Frameworks all fade away at some point, but learning how to design yourself gives you more flexibility.

Enters Jekyll

I used Jekyll for a side project, and it’s great. The idea behind Jekyll is that it turns your files into a static HTML site. You keep a copy of an entire site on your computer that you can mirror with git2 for any host to serve online. Jekyll rebuilds the site with each change. I found it much more logical than WordPress and easier as a starting point to build a simple website.

Tachyons

Tachyonsis a CSS toolkit based on using components. It saves a lot of time tweaking and re-writing CSS. Yes! 👍🏼[^1].

The new theme is loosely based on JKL + TACHYONS.

Gulp

Gulp automates a couple of tasks during development, mainly resizing images, files compression, and browser reloading.

Responsive images

Obviously, images are the most important assets for an illustration site. A static site is reasonably fast, but images can slow down things.

Serving responsive images is a must today, but this is a time-consuming task and not something Jekyll handles from the get-go. Jekyll Picture Tags does this well, however, you need to write custom calls for images in Liquid that look like this:

{::nomarkdown}<a href="/img/sky.jpg"><picture data-volume="11" class=".full .tc"><source sizes="(max-width: 480px) 100vw, (max-width: 1920px) 100vw, 960px" srcset="/img/sky-240-0fb558.webp 240w, /img/sky-480-0fb558.webp 480w, /img/sky-960-0fb558.webp 960w, /img/sky-1920-0fb558.webp 1920w" type="image/webp"><source sizes="(max-width: 480px) 100vw, (max-width: 1920px) 100vw, 960px" srcset="/img/sky-240-0fb558.jpg 240w, /img/sky-480-0fb558.jpg 480w, /img/sky-960-0fb558.jpg 960w, /img/sky-1920-0fb558.jpg 1920w" type="image/jpeg"><img class="gallery" src="/img/sky-960-0fb558.jpg" alt="Screenshot, 2012 night sky"></picture></a>{:/nomarkdown}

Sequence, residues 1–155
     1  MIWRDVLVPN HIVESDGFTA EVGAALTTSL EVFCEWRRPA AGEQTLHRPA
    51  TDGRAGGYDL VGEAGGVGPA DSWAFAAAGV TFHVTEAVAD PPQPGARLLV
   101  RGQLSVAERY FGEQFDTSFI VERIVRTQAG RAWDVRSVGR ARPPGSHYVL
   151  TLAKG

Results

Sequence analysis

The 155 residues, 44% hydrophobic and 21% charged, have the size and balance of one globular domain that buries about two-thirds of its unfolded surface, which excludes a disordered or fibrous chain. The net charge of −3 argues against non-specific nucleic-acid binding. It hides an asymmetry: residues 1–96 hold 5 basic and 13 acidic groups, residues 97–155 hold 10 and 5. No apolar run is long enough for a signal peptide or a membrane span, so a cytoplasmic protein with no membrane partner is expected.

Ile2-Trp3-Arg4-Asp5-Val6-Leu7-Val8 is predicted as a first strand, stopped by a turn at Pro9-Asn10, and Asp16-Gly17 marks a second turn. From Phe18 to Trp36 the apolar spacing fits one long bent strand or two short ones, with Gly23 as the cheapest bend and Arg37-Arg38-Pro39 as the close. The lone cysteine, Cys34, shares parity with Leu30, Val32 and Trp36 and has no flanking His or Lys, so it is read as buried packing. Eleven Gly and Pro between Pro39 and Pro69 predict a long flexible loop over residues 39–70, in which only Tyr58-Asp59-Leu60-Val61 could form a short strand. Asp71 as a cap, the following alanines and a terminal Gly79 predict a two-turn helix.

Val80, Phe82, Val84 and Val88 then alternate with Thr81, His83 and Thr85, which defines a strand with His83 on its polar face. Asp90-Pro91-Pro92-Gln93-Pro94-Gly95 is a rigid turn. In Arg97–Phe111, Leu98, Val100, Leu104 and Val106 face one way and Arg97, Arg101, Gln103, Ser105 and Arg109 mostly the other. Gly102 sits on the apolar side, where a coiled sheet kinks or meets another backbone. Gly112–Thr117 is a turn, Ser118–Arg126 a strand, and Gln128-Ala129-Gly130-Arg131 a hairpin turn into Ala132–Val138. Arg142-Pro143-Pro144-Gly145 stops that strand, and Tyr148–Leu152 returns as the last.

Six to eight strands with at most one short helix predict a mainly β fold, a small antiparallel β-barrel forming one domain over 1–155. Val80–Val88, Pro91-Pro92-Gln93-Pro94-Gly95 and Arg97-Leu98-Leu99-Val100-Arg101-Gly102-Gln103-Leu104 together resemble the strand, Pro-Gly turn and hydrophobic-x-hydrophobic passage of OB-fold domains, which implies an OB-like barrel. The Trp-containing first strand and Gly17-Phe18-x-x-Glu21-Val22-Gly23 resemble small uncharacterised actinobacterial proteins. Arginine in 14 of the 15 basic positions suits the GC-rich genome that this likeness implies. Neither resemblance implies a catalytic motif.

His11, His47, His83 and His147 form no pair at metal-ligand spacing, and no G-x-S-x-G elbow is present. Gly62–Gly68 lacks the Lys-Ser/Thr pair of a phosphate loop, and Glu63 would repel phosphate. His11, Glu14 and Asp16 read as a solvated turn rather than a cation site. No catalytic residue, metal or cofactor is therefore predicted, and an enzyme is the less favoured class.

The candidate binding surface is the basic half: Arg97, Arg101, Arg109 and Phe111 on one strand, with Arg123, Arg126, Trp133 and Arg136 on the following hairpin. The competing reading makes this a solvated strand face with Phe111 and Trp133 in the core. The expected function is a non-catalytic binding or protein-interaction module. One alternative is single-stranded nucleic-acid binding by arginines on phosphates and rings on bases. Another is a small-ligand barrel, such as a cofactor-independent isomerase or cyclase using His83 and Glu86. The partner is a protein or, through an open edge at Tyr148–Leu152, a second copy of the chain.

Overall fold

Keeping pictures markup in Markdown

There is a number of ways to call images in Jekyll: you can do it by writing HTML, Liquid or Markdown.

<img src="/img/sky.jpg">
<figure>
	<a href="/img/sky"><img src="/img/sky.jpg"></a>
	<figcaption>Night sky</figcaption>
</figure>

all will render as

Screenshot, 2012 night sky sky

Screenshot, 2012 night sky sky night sky

Depending on what you need each of this method is valid.

Markdown doesn’t render captions so you could add:

<figcaption>Night sky</figcaption>

or just write plain HTML

A short Ruby plugin helps to keep this even shorter as:

Galleries

To conclude, which technology is behind a site doesn’t matter—except when it does. It doesn’t matter for the end user, as long as it doesn’t get in the way. And that’s the point. For now, the site is easier to update by dropping images in a folder and using text files. Running it on a local server with a couple of commands before publishing is not that hard to do. Of course, there are downsides too. Using a word processor instead of a nice user interface is not one of them. Yet there are still things to improve, i.e. the way Jekyll handles images. This new configuration also has dependencies, like plugins and so on. Galleries need to be hard coded instead of drag and dropping images, there is room for improvement there. But it is a new start. And it means I can experiment again with my portfolio in the coming months.

Use and contribute to this theme

While this site’s repo with all images assets and a bunch of experiments is not public, the theme’s code will be available here on GitHub soon.

  1. alternatyves.com ancestor site 

  2. git is a distributed version control system, it enables people to write and publish files and revert any change made to the code at any given time.